Tips on choosing a Sewer Inspection Camera
Sewer inspection cameras are widely used by plumbers, contractors, engineers, home inspectors, municipal workers and other professionals for inspecting areas that are typically difficult to see, that is pipeline interiors, spaces behind walls, inside a drain and other hard-to-reach places. So, if you are thinking of purchasing a sewer inspection camera, first, you need to consider what it is you are going to use it for. Should it be water- and chemicals-proof? How much light will you need? How long should the insertion probe be? etc.
Length. It should be long enough to go from one manhole to another. The length of the probes varies from 20 to 120 meters (65.6′ – 394′). In case you need a more extended probe, you may need a reel with a stand to roll the probe, for additional comfort.
Material. Simple PVC covered probes are sturdy enough for most of the works but can be worn out and damaged during routine, heavy duty inspections. Some of our professional sewer inspection cameras have Kevlar braided probes. Kevlar is five times stronger than steel (used in body armor, e.g.) what makes such insertion probes considerably more durable.
If the push rod with attached cam is water- and chemicals- proof and is capable of withstanding 1-6 bar pressure – this will also provide the longevity to your device.
Illumination. Since you are planning to inspect hard-to-see areas, you will need enough light to explore it. The brighter the light source, the better is the image. Search for sewer inspection cameras with adjustable, bright LED lights.
Material. Just as the insertion probe, the camera should be at least water-proof to last you long enough. Stainless steel housing is preferable.
Type of head: standard, self-leveling, pan/tilt. While standard heads are cheaper, self-leveling and pan/tilt cameras allow you to see the sides of a pipeline, or behind the wall, go around corners and still provide you with a clear picture.
Screen. The screen should give you a clear picture of the area you are inspecting. Than wider screen and higher resolution than better. Pro models are equipped with a Daylight Readable Monitor.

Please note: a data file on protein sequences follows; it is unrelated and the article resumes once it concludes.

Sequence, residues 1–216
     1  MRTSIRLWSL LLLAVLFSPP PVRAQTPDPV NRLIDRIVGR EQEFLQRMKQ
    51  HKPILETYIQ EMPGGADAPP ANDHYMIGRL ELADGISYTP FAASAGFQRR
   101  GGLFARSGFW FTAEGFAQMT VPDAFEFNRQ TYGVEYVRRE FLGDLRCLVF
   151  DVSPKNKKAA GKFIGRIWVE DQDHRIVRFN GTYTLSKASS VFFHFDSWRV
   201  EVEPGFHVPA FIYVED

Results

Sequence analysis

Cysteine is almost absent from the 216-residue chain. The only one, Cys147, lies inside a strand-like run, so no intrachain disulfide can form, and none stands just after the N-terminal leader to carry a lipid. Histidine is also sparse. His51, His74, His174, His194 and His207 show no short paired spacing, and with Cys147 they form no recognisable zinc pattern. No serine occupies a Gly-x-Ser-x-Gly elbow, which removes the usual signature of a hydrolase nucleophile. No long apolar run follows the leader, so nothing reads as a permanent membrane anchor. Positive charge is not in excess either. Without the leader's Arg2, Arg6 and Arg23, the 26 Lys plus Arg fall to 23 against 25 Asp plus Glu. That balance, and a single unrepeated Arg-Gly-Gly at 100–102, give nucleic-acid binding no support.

Image capturing and saving. Modern sewer inspection cameras can capture different types of files with different resolution. You can save the footage either as a JPEG file or a video in MPEG, or AVI format. Being able to record images on your computer is a convenient tool since first, you don’t need to use a pen to write everything down or try to remember it. And secondly, you can always go back to the file should you, or your client, need to verify some information.
Additional features. Some modern inspection cameras are equipped with keyboards (may be splash proof on the PRO models) that allow you to type useful information during inspections
Weight and handle. The sewer inspection camera should be lightweight and have a comfortable grip, especially if you are planning to use it for long periods.
Radio transmitter will be an excellent addition to the camera. It is generally located behind the camera in the tip of the probe and operates on 512 Hz frequency mode. It is a great tool to locate your camera or find blockages. Make sure you have an accurate locator to trace it.
Questions to Consider When Choosing a Pipe Inspection System
Pipe Inspection and location systems represent a significant investment for most small businesses. In return, they offer unique diagnostic and marketing potential that can either save or earn a tremendous amount of money for your company. Choosing the right system for your needs is a task that should be taken with serious attention to detail in order to avoid a costly mistake
What size pipes/drains/sewers are you likely to be inspecting?
The great divide in pipe inspection systems is between push rod and tractor pull style systems. Which style do you need? Tractor pull systems are generally for large, municipal style drain pipes (10 inch and larger) and pull themselves down the line. They tend to be controlled with a joystick and computer system by an operator sitting in a specially made truck or van. Prices begin in the high 30 thousands and go up from there. They are outfitted with additional lighting and swivel heads to look left, right, up and down. They are usually purchased by municipalities and larger companies.